Corrected entry: Some parts of the Gobi are indeed very arid but the size of the truly arid part is exaggerated in the movie; it is ~much~ smaller than the Sahara where the original movie was set. If they are already near or south of the Chinese border, then by simply travelling roughly south east they are bound to find either a major watercourse or substantial civilization within ~at most~ 250 miles, and in the region that is very sandy and subject to severe sandstorms, more likely 40 to 50 miles. Not talking here about trying to strike on a particular small oasis or town, but something so big you can't miss it, e.g. the Hwang Ho (Yellow River). A fit person travelling at night on reasonable ground can do 250 miles in 7 nights. (Actually, as ultramarathoners have demonstrated, a very fit person on good ground can do it in two to three nights.) The suggested impossibility of walking out for help was just an inaccurate plot device forced on the scriptwriter by moving the setting to the Gobi.
Corrected entry: In several long distance shots, plus generally working around the wreck, we see there is a completely flat area about 70 m in diameter demarked by several low mounds, followed by a gently undulating area about 200 to 300 m in diameter, then rising ground (dunes) on either flank but continuing fairly flat for quite some distance fore and aft. But a minor character goes out during the night to relieve himself and manages to fall down a hill so steep and long he injures his arm. Unless he went hundreds of metres to relieve himself (climbing a dune en route) there was nowhere near the wreck this fall could have occurred.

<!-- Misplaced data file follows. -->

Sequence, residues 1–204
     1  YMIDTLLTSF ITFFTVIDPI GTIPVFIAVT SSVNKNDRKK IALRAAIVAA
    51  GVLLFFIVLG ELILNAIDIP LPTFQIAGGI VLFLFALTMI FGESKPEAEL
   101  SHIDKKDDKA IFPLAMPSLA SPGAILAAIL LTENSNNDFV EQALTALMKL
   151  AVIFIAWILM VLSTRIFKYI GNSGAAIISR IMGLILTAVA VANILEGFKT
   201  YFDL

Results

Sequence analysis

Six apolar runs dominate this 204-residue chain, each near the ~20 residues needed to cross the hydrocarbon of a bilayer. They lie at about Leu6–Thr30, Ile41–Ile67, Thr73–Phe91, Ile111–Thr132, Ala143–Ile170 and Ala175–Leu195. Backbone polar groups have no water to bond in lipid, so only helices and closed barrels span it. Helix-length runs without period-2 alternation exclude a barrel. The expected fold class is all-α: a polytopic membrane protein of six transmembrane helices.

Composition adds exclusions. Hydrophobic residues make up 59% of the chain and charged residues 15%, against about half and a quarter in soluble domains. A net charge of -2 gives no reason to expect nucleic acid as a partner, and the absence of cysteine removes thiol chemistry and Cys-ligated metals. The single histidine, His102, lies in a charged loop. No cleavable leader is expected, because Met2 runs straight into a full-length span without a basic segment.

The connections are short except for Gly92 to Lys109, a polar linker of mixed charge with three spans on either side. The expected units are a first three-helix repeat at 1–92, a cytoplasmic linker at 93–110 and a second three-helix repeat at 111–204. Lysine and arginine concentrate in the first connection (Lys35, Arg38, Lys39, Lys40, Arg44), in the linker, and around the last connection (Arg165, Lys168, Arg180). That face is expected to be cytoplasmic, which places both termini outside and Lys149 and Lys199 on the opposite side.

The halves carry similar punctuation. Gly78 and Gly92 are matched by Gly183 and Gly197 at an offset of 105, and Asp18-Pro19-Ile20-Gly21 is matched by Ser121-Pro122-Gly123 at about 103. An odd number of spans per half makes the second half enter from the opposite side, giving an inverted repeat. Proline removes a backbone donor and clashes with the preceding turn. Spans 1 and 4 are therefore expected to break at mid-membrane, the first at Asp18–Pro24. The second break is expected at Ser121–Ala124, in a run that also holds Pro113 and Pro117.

Corrected entry: When Dennis Quaid arrives at the site where the man fell out of the airplane, he finds spent bullet casings right next to the body. If someone was using the body for target practice (like he says, and which is the only good reason for shooting at it), the brass would be much farther away.
Corrected entry: They can build a small aeroplane out of the wreck of a larger one - a considerable feat of engineering in anyone's books - but they can't rig a radio antenna? It's just a length of wire and a stick.
Corrected entry: When Talbot and the crewman return from the debris field, they approach the C-119 from the nose. The debris field would be in the opposite direction along the flight path.
Corrected entry: In the scene where the group is standing in front of the graves for the two men who died, there are two crosses with two mounds of dirt higher than the ground showing where the men are buried. However the body of the man who fell out of the plane wasn't retrieved, as we find out later when he is all shot up. Therefore the area around his cross should be flat.
Corrected entry: After the lightning hit the plane, A.J. comes running to see if the captain and Elliot are okay. When he is under the wing, he touches it. But after lightning has hit this wing, he never could have touched it, his fingers would have melted.
Corrected entry: During the crash the co-pilot gets knocked unconscious while standing in the back, then the plane spins around - it goes upside down a couple of times - but the man's body doesn't move even though he's not buckled in.
Corrected entry: In the scene where the oil tank is exploding. When it goes to the close up of the explosion, right after the far-away shot I believe, you can see a man walk in from the right, glance at the camera, then duck down really quickly.
Corrected entry: Right after the plane crashed, there is an aerial shot and there is nothing within miles of them. However, when Elliott is walking off steps for the runway, he counts only 65 to the canyon cliff. Where did that huge canyon come from?